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Women in Transition: Changes in Gender Wage Differentials in Eastern Europe and the Former Soviet Union

Elizabeth Brainerd
Industrial and Labor Relations Review
Vol. 54, No. 1 (Oct., 2000), pp. 138-162
Published by: Sage Publications, Inc.
DOI: 10.2307/2696036
Stable URL: http://www.jstor.org/stable/2696036
Page Count: 25
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Women in Transition: Changes in Gender Wage Differentials in Eastern Europe and the Former Soviet Union
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Abstract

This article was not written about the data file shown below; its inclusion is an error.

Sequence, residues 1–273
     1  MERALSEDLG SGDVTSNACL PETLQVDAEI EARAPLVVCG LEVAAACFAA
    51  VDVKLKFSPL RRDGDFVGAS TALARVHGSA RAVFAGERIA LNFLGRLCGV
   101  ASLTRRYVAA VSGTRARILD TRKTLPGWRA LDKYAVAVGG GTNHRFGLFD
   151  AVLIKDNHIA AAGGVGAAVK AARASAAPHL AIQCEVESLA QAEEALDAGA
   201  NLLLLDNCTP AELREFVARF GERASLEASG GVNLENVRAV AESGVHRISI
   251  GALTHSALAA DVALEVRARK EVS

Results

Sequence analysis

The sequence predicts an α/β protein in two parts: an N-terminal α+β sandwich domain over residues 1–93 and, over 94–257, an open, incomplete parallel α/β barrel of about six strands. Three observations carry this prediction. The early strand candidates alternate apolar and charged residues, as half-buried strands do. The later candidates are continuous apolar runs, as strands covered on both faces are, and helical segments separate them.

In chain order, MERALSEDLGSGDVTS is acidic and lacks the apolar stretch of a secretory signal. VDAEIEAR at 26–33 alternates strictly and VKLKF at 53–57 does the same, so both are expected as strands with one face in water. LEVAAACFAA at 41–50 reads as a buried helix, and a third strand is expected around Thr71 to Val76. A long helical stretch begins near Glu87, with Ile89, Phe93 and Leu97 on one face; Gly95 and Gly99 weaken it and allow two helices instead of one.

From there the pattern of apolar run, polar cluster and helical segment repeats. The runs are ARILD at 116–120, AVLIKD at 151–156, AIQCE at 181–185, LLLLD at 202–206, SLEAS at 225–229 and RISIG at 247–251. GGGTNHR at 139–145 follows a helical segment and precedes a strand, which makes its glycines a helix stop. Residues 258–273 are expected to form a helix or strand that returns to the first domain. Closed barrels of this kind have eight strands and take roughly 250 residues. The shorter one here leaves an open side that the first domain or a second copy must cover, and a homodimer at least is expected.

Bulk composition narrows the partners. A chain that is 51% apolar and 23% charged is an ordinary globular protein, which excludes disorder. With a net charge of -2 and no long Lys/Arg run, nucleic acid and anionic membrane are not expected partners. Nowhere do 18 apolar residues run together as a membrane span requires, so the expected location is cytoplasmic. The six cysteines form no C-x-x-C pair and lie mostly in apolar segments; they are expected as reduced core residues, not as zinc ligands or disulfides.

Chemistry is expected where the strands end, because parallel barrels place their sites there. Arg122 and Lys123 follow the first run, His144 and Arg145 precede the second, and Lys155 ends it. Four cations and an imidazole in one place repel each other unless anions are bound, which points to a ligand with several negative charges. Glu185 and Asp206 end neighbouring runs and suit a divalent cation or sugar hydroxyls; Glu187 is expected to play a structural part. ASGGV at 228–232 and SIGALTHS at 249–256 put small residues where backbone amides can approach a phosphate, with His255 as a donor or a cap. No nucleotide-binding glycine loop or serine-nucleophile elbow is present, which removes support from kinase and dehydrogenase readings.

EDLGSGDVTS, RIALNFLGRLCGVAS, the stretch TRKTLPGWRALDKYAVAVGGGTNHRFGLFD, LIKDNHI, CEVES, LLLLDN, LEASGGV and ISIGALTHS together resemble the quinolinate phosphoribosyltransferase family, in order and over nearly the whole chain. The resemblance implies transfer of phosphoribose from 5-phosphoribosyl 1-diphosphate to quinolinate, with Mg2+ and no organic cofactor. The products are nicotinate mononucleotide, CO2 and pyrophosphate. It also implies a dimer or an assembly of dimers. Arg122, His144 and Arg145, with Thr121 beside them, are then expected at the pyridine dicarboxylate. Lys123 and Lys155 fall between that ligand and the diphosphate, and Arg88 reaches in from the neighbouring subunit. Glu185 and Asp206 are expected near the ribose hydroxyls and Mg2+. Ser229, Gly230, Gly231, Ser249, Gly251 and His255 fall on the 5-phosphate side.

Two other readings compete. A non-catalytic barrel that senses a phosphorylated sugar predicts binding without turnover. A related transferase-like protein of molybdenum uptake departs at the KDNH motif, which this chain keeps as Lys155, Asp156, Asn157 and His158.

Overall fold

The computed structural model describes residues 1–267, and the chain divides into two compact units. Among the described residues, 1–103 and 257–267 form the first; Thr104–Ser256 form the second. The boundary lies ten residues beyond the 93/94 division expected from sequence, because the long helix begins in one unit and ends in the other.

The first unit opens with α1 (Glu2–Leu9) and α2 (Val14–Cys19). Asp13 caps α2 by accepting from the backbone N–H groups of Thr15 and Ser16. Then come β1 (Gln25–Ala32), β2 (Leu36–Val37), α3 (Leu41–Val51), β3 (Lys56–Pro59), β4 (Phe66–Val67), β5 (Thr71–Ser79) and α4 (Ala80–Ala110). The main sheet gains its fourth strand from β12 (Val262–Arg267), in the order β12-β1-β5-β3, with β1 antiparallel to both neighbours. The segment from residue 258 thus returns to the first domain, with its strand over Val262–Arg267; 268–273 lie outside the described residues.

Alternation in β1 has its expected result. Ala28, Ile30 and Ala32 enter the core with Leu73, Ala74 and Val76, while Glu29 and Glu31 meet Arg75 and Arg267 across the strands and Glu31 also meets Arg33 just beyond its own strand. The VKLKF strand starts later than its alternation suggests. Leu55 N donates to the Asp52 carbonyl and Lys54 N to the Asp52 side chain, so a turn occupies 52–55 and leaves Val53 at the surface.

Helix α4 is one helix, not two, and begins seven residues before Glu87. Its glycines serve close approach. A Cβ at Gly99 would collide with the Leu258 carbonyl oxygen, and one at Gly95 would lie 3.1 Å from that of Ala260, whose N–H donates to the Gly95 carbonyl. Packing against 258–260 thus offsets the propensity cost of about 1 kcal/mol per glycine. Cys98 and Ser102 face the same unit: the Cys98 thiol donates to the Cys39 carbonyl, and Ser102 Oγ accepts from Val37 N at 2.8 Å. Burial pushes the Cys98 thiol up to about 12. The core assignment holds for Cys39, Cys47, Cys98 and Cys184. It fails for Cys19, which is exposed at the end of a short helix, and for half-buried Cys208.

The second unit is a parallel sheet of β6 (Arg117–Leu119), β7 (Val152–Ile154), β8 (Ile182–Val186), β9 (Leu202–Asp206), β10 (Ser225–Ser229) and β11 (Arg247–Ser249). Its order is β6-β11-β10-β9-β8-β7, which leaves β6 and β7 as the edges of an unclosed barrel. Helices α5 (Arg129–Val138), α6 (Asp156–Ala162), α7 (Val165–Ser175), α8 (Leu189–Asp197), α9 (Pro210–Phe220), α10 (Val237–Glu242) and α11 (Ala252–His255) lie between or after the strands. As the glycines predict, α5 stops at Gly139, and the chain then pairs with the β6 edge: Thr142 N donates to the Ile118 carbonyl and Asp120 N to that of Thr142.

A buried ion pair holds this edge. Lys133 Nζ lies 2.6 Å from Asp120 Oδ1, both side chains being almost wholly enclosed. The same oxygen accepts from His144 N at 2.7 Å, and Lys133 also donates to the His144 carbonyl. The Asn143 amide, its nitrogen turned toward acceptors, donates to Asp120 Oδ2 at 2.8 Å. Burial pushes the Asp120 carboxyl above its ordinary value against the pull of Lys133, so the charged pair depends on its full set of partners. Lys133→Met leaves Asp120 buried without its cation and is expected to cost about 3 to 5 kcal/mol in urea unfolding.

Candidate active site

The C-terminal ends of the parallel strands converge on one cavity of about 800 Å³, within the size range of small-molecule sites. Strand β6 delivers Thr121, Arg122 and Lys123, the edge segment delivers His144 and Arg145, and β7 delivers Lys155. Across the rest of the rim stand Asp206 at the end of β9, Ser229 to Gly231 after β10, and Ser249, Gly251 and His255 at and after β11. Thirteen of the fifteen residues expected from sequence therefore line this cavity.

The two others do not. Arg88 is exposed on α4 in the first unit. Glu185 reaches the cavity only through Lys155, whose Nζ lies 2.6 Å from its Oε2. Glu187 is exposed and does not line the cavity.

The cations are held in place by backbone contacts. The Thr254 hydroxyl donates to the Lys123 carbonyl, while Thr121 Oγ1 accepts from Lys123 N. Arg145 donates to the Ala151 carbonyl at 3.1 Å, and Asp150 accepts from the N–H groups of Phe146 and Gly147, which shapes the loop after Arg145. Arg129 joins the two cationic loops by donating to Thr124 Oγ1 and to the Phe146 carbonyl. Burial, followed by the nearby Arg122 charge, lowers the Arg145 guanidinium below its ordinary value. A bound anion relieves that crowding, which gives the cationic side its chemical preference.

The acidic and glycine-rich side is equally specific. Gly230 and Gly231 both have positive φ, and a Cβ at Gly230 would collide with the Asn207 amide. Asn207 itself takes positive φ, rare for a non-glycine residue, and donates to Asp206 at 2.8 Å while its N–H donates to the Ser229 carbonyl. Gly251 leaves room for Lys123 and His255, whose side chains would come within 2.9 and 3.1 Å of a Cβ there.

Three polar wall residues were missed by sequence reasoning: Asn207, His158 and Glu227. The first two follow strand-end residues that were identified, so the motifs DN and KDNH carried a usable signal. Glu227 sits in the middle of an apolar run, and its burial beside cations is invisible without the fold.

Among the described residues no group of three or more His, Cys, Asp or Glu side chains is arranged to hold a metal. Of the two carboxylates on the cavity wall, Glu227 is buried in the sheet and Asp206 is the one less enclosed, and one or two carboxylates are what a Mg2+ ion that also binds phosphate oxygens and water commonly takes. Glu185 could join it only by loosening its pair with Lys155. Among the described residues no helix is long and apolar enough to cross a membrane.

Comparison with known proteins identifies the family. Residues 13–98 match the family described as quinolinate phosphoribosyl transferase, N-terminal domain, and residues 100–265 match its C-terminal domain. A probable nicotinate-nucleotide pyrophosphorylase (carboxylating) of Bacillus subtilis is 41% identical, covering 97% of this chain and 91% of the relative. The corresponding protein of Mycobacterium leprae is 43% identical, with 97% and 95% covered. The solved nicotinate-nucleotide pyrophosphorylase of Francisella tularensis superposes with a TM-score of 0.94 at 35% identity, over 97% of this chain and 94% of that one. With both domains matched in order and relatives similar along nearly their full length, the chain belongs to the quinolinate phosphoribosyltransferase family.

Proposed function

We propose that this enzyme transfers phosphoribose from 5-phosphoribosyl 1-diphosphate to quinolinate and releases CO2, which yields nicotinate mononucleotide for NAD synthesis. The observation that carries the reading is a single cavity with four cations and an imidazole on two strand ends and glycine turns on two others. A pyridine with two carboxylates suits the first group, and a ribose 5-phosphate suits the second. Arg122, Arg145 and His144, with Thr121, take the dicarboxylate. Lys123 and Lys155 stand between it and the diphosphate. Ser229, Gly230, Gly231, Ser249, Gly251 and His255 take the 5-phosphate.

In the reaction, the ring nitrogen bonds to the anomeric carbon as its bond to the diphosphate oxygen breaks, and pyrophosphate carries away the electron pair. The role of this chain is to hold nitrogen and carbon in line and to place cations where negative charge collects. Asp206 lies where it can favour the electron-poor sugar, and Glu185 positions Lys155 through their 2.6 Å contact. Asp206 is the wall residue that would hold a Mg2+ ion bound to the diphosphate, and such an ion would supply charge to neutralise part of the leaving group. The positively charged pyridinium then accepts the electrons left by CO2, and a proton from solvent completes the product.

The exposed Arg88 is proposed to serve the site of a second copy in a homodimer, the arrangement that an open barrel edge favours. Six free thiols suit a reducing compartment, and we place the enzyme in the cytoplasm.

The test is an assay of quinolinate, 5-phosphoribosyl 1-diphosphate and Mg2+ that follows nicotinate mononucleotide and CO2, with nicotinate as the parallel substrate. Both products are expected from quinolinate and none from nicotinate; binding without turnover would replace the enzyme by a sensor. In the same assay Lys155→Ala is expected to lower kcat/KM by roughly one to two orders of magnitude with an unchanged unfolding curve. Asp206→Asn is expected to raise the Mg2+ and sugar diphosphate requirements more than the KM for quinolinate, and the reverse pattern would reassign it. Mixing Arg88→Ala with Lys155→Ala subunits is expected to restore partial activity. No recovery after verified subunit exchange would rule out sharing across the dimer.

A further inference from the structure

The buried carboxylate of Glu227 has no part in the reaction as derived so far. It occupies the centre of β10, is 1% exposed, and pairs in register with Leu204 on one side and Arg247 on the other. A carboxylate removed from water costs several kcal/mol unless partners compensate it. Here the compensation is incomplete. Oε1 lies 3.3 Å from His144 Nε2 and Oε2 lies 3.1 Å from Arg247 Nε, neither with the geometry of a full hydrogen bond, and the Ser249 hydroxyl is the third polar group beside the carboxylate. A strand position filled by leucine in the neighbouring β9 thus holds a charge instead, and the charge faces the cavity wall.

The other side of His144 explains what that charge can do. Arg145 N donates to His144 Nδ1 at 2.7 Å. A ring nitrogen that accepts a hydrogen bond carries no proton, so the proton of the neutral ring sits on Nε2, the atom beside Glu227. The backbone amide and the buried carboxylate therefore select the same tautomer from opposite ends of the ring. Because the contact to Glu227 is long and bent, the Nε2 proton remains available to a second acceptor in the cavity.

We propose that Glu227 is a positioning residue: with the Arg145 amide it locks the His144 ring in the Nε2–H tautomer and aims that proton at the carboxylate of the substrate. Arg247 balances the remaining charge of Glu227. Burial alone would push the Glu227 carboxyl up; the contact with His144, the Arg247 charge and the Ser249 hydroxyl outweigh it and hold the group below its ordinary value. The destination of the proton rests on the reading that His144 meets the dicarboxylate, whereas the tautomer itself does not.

Under state socialism, women fared relatively well in the labor market: female-male wage differentials were similar to those in the West, and female labor force participation rates were among the highest in the world. Have these women maintained their relative positions since the introduction of market reforms? The author investigates this question using household surveys from seven formerly socialist countries. The results indicate a consistent increase in female relative wages across Eastern Europe, and a substantial decline in female relative wages in Russia and Ukraine. Women in the latter countries have been penalized by the tremendous widening of the wage distribution in those countries. Increased wage inequality in Eastern Europe has also depressed female relative wages, but these losses have been more than offset by gains in rewards to observed skills and by an apparent decline in discrimination against women.

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